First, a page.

Monday, April 22, 2013

Impassable Cypress Swamps

As so many tilling and paving projects are currently underway in New Orleans, we thought it timely to quote from city paving engineer Bryson Vallas' 1926  lecture to the Realtor Salesmen's Division on "Paving and Allied Projects."

"Expansion for most cities, has meant merely the cleaning away of the forrest that surrounded it, and finding that Nature had already provided the land on which to locate the farm, the home or the factory. When our ancestors left the confines of the little settlement nestled behind the two foot levee in the bend of the Mississippi River they found their task of expansion a bit more difficult, especially when this expansion was lakeward, for not only was the cypress and the gum forrest to be cleared away but the land upon which this future expansion must grow, had to be made.

"Old maps of New Orleans made in 1798 show the Old City, or the Cieux [sic] Carre, as we pridefully term it, surrounded by impossable [sic] cypress swamps and by laying out on these old maps such thoroughfares as Canal, Claiborne, Broad and Carrollton, as we know and use them today, we find these these cross through the very heart of this swamp of 128 years ago.


"The unimproved streets of New Orleans consist usually of a fairly hard top crust about one foot thick under which is found a very saturated plastic clay soil. In paving, this top crust is removed and after installing sub-surface drainage the tendency of the sub-soil is to dry out. There is therefore the problem of placing a pavement on a none too stable sub-grade which in later years and after completion of the pavement, will dry out and subside.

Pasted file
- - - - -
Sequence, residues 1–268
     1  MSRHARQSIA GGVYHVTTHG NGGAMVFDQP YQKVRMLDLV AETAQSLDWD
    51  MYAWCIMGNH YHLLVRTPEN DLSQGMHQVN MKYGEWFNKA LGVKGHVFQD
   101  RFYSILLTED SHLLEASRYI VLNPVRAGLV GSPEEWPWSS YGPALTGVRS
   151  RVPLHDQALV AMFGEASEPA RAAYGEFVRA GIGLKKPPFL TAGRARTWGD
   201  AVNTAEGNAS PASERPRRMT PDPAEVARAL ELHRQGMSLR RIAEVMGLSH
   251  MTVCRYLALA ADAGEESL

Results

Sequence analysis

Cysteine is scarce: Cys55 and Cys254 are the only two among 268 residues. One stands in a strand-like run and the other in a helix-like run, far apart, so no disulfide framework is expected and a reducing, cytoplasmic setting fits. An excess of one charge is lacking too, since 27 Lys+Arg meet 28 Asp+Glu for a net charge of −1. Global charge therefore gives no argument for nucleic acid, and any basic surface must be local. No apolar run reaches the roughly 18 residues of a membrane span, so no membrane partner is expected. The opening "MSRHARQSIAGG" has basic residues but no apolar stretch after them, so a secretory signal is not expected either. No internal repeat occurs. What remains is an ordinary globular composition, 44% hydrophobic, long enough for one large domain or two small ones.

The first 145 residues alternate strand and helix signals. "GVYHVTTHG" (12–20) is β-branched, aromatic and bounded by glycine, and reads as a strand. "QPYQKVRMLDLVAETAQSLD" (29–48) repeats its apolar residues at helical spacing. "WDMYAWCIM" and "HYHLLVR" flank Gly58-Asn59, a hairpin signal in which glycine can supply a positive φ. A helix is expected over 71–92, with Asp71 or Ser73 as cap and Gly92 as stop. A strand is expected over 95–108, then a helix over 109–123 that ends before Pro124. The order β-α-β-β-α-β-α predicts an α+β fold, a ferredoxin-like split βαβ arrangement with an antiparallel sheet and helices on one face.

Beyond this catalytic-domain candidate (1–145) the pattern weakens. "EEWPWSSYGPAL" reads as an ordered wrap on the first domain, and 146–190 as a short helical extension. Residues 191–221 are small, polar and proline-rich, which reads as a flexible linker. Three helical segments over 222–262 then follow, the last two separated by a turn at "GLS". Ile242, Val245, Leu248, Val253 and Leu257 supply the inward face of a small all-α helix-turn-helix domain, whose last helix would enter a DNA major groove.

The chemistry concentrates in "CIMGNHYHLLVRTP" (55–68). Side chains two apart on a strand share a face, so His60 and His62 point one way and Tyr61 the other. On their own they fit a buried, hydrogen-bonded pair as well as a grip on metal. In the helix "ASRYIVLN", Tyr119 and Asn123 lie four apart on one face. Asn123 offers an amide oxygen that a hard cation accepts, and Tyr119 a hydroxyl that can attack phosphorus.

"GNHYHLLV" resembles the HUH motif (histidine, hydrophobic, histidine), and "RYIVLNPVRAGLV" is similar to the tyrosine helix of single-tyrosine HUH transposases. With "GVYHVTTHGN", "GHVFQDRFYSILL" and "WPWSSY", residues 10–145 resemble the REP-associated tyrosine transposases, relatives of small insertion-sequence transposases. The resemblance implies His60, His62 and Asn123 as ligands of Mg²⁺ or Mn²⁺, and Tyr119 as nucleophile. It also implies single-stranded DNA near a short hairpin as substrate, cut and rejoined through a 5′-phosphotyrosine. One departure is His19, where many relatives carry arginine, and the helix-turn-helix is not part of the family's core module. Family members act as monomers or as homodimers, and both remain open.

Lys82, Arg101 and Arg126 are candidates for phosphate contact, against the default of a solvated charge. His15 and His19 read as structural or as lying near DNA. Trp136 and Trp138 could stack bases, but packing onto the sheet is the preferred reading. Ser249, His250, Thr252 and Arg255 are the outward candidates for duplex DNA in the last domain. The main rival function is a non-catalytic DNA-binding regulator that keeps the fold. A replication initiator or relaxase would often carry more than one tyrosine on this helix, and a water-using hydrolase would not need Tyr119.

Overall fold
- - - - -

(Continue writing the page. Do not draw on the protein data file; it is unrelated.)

"We therefore see in all parts of the City pavement curbs sunken almost out of sight, manholes protruding above the pavement surface and catch basins that were once at the lowest point of the street now occupying a place at the highest point. Treatment of the sub-grade would no doubt result in correction of the unstable sub-grade at the time of paving but only as the soil is drained years in advance will any near correction of the subsequent sub-grade settlement be accomplished."

Bryson Vallas. "Paving and Allied Projects." Realtor Salesmen's Division Lecture. Typescript. 1926. Martin Shepard Office Records, Southeastern Architectural Archive, Special Collections Division, Tulane University Libraries.

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